Source of Income
75% of a £200,000 Pension Pot
Gross Taxable Income: £150,000
You won’t receive your income tax personal allowance of £12,500 because you have an adjusted income in excess of £125,000. Your personal allowance tapers down by £1 for every £2 you earn above £100,000 until it reaches £0, so by taking such a large taxable income from your pension you’re increasing the amount of tax you pay to more than a third of your total taxable withdrawal.
In the above scenario, what could you do with more than £50,000 of cash you’re handing to the taxman by taking your entire pension pot in one go? For most people, this would make a substantial difference to their lives, so it makes no sense to fork it over to HMRC when you have other, potentially more tax-efficient options available to you.
No, just because you can access your pension from the age of 55 doesn’t mean you have to. You can choose to do nothing if you want.
Many schemes have a selected retirement date that you’ll likely have picked when you joined the pension, or were defaulted into. This may be 60 or 65, but check with your scheme.
Even when you get to your selected retirement age, assuming it’s older than age 55, you still don’t have to take your pension if you don’t want to. Perhaps you’re still working and aren’t ready to give it up yet. Whatever the reason, it’s up to you when you take your money.
If you leave your pension pot invested, you can pass the entire pot down to your loved ones when you die totally free of tax if you die before the age of 75.
Your pension will still be invested in the markets and will therefore have the opportunity to grow, although of course your pension could fall as well as rise in line with investment performance.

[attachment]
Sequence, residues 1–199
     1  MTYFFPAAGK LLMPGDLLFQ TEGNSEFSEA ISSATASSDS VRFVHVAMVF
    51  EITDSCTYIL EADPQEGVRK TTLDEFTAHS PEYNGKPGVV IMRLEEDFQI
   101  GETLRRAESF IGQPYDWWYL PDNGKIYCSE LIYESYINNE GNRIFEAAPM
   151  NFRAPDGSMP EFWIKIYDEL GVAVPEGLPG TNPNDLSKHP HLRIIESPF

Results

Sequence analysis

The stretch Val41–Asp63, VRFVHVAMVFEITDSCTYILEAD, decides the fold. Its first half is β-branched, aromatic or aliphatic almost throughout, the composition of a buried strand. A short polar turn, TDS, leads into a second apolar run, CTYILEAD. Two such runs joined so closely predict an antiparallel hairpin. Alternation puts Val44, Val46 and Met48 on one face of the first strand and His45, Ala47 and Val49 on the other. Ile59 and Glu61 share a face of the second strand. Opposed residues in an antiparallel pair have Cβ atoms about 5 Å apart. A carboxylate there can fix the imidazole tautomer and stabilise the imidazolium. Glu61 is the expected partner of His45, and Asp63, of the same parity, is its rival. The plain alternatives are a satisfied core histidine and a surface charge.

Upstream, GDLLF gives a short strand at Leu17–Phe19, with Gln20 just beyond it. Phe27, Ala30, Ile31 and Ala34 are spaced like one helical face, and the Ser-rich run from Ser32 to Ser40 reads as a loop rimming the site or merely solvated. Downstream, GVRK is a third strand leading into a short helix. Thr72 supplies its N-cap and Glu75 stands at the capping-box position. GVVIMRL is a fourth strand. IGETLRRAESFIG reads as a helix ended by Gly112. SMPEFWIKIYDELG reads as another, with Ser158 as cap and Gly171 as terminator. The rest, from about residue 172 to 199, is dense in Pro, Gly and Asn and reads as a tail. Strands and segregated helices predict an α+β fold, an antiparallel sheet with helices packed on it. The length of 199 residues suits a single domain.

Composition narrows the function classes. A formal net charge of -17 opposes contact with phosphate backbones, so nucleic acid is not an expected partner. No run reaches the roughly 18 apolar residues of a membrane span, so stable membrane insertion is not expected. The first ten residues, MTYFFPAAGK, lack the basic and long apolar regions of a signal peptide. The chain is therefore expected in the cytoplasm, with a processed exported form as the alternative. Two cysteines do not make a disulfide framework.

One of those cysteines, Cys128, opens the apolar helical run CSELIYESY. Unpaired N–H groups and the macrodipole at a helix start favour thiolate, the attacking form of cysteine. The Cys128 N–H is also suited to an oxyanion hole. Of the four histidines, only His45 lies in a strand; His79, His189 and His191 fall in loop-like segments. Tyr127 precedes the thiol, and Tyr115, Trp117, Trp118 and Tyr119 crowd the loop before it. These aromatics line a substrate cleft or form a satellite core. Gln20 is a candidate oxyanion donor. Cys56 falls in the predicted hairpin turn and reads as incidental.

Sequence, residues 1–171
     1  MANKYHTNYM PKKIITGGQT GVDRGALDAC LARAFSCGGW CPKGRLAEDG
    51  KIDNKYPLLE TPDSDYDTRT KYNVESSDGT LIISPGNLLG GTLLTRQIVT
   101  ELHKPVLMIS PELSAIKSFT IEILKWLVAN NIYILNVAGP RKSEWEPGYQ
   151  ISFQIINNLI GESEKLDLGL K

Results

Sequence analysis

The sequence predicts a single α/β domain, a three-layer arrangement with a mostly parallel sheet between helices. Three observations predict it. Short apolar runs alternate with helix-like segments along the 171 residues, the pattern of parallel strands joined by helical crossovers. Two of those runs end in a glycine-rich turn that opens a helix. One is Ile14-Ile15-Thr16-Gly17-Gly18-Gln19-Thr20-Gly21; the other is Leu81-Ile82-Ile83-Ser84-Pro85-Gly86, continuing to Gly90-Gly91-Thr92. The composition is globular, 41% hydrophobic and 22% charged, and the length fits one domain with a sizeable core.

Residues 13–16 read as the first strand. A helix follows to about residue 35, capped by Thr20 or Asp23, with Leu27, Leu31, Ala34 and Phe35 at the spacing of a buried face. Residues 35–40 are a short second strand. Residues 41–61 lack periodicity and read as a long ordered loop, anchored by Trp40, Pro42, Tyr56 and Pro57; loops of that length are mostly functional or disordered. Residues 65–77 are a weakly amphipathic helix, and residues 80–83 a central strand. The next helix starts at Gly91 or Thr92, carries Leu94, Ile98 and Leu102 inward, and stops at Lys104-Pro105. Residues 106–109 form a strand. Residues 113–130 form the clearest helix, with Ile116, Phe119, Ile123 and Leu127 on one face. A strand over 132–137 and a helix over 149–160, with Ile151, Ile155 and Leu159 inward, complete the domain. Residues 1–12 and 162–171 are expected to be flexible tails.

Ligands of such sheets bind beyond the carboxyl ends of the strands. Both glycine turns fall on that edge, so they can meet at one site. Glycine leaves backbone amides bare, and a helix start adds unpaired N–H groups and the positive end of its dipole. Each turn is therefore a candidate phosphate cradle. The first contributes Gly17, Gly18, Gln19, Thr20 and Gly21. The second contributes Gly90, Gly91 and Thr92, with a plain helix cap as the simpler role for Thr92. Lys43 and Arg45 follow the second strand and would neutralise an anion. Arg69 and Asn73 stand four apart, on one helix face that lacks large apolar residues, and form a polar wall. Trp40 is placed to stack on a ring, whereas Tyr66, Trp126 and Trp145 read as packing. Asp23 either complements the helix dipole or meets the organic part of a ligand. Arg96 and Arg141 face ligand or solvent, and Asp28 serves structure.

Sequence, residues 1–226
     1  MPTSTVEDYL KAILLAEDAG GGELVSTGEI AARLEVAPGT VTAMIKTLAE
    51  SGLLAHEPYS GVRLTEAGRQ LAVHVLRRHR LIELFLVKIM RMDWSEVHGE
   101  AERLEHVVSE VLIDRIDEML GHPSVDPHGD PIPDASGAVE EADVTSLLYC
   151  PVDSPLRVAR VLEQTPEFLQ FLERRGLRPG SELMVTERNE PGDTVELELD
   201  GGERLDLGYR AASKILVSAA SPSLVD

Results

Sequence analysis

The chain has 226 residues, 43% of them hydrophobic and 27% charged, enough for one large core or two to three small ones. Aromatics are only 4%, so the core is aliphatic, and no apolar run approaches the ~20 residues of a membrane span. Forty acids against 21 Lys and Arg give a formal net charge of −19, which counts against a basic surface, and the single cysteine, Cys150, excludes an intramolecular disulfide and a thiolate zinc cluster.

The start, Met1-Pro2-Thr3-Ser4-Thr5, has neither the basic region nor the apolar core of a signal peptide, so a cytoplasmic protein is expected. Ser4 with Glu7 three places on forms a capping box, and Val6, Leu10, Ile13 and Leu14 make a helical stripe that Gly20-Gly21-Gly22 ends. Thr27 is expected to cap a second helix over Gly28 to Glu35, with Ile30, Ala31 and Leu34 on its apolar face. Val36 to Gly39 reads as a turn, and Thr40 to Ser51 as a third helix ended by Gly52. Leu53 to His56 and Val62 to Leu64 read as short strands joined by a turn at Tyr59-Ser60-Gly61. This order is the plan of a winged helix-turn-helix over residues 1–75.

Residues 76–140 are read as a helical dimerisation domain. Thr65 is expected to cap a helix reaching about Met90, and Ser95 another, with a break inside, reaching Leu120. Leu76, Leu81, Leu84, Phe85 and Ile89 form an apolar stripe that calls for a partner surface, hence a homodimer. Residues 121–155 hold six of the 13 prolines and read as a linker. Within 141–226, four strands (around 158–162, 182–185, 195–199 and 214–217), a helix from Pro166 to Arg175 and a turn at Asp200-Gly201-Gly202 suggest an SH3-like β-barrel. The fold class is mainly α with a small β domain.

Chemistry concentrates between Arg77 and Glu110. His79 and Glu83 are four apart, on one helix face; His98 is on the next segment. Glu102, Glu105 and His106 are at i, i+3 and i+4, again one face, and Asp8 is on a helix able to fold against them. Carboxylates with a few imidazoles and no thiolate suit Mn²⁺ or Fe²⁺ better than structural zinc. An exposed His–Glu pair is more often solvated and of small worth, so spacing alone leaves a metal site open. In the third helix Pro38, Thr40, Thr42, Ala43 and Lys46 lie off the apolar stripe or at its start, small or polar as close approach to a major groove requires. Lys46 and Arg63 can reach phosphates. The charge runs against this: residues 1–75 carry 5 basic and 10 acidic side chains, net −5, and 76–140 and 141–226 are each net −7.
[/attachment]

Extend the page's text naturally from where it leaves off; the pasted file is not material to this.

Moreover, you’ll still be able to contribute to your pension at a maximum of £40,000 or 100% of your earnings, whichever is lower, if you leave it invested. In contrast, once you’ve started flexibly accessing your pension, you’re subject to the money purchase annual allowance cap of £4,000 per annum that you can save into a pension.
You may be charged extra fees if you don’t start taking your money when you reach your selected retirement age. Check with your pension provider to see whether this might apply to you.
Use the Pension Pot Calculator below to see how much your pension could grow by if you leave it invested after the age of 55 based on its size today and the you still paying in regular contributions.
Head of Financial Planning at Drewberry
Getting access to your pension from the age of 55 can be a daunting experience. How should you take your pension? Which option is right for you, or should you consider a mix of the pension freedoms? Might it be better to leave your pension untouched for now if you don’t need it straight away?
That’s where the experts at Drewberry can step in to help. Pop us a call on 02084327333 or email firstname.lastname@example.org if you’re about to access your pension and are wondering what’s the best route for you.